But, during the evacuation, I learned that my husband HAS to keep a conversation going. Around 7 hours into the drive, after hearing the same radio loop three times, Scott turned to me and said “Okay, this is where I need you to find something to talk about”. Naturally, I drew a complete blank! I think I actually said “….hi?” Yikes, I don’t have that much to say in the car! Thank goodness we finally mutually agreed to enjoy an audible book. This is absolutely something I’ll remember for our next road trip and I’ll enter prepared with several books downloaded!
- Our Differences Are Our Strengths: In my profession, I often see family backgrounds as a source of conflict in marriages. However, during our evacuation, our different backgrounds came in extremely handy when trying to find lodging after 18 hours in the car.
I used my cell phone to Google hotels along our route. Every single place I called was full. Frustrated and exhausted my husband suggested we stop at a welcome center to get lodging information. I honestly thought his plan was completely bizarre.
He ran inside, picked up a brochure and returned to our car. We dialed the first number- and surprisingly, they had rooms available! Clearly, most people were trying my approach and we were all calling the same places. Scott said his family used to always stop at rest stops to find lodging in the area. His background saved us from having to sleep in the car!
- On the Same Team: We spent no fewer than 30 hours in the car. On day one, we spent 18 hours driving from Vero Beach to our hotel in Chattanooga (which would normally be roughly a 10 hour trip). On day 2, we arrived in Chicago around 5pm on a Friday, which might be the worst possible time to drive into the city! We were completely exhausted and stressed out. Much to our surprise, we never took our frustrations out on one another. Any time either one of us started to let the frustrations bubble up, the other one would respond with some validation along with gentle yet important reminders. We were safe, we were together, and we were on our way home. (Now, if we could only learn to apply this on Monday mornings we’ll be set!)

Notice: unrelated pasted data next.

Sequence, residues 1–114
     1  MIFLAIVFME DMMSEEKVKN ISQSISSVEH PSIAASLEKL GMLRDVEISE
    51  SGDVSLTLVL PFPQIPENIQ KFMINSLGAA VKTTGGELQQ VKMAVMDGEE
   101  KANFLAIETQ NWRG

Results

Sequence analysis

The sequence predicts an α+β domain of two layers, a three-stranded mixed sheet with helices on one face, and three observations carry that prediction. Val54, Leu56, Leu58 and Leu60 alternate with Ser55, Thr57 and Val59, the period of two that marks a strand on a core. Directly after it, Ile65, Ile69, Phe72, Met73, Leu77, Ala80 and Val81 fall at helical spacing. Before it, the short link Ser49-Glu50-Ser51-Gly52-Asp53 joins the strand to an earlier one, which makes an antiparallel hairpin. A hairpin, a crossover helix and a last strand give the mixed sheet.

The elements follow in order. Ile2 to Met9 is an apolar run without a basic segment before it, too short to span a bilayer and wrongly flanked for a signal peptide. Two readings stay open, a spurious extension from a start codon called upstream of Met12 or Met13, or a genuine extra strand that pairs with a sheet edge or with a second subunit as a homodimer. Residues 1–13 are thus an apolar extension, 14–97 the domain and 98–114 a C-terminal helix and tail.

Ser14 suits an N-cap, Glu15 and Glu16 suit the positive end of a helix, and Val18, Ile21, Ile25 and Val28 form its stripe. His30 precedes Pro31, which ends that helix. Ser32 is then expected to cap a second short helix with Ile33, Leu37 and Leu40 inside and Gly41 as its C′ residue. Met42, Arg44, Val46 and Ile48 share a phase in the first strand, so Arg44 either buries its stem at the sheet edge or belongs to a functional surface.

In addition to shedding some light on my marriage, I also learned some other helpful hurricane evacuation lessons from our experience:
- The bugs know what’s up. I have never gone to the beach and seen so many bugs. They were everywhere and we got eaten alive. For this reason, I will never travel without Benadryl. And, when a storm is approaching I will always take note of the bug situation.
- Kindness should always trump anything else. In an evacuation situation, it doesn’t do anyone any good to try to be the fastest car on the highway. And there is no prize for the fullest gas tank. Get what you need, and keep moving. Don’t hoard gas, food or water. And stay safe on the road.
- Never, ever, ever, travel without a Car Charger for your cell phone. You will regret it.
- Waze is an awesome app! We saved several hours (not to mention, gas) by detouring off the interstate and taking back roads.
Have you ever had a travel experience teach you a lot about your marriage?
You may also enjoy reading:
Katie is the owner of Fleming Family Therapy in Chicago, IL. She also writes an awesome blog with relationship tips. When she isn’t working, Katie enjoys spending time with her dogs, baking anything with chocolate on the ingredient list, and working out (to combat the chocolate obsession!)
Pin This Post: